When ESPN's T.J. Quinn and Mark Fainaru-Wada first reported that Ryan Braun had tested positive for performance-enhancing drugs, the reaction around the baseball world was shock and anger.
His NL MVP award should be taken away. His contract with the Brewers should be voided. The playoffs must be replayed. Even Senator John McCain joined in on Sunday.
Whether you agree or disagree with those opinions, they all constitute an unnecessary rush to judgment. If there's one thing that is clear about Braun's case, it's that the details are still emerging. ESPN's headline still insists that Braun's test was positive for performance-enhancing drugs. Yet, Ken Rosenthal has since learned that the substance Braun was caught using is not a PED. The reality is that we simply don't know yet.
It's easy to judge Braun because no player has yet been publicly cleared of performance-enhancing-drug allegations. It's easy to judge him because he's the sort of player whom, stereotypically, fans would not expect to use steroids. It's easy to judge him because he's the face of a franchise—one that will be increasingly reliant upon him if Prince Fielder leaves in free agency. Most of all, it's easy to judge him because he is the reigning NL MVP. Unfortunately, for all of those same reasons, it's crucial that all the details are revealed before the baseball world reaches its verdict.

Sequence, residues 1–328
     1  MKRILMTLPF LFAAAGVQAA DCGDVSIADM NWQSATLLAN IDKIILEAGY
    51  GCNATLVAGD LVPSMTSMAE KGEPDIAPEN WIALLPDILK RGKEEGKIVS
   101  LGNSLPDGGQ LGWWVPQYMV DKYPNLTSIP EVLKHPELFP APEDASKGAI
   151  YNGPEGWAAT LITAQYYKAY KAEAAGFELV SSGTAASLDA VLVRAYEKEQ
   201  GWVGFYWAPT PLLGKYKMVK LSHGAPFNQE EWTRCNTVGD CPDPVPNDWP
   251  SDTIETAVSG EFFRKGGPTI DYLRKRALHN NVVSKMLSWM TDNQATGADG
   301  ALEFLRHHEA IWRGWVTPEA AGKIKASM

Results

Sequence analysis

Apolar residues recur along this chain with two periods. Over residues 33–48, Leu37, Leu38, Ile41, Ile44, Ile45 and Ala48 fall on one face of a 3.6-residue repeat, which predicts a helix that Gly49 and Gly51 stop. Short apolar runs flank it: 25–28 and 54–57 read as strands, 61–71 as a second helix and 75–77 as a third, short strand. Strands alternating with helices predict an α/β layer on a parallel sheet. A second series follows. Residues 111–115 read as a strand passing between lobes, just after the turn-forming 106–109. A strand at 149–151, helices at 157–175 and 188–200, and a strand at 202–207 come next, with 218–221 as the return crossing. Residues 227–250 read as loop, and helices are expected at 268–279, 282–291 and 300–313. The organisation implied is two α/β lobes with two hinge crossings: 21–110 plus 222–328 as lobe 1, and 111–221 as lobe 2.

If Braun's positive test results are confirmed, then he will be forced to serve his 50-game suspension, to explain himself to Brewers fans, and to hear the boos rain down every time he steps on the field. But that day has not yet come, and plenty of holes have been poked through what Quinn and Fainaru-Wada initially reported as an airtight case.
A week of hot stove talk at the Winter Meetings and of amazement at Albert Pujols' new contract ended with a disappointing story that virtually no one saw coming. The Winter Meetings are supposed to be the most media- and fan-friendly week of the long, arduous offseason. They were and it was—until Saturday evening came along.
No one wants to spend the next two months before spring training decrying a once rising star's free-fall, instead of looking ahead to the new year. So, why do it until we know we have to?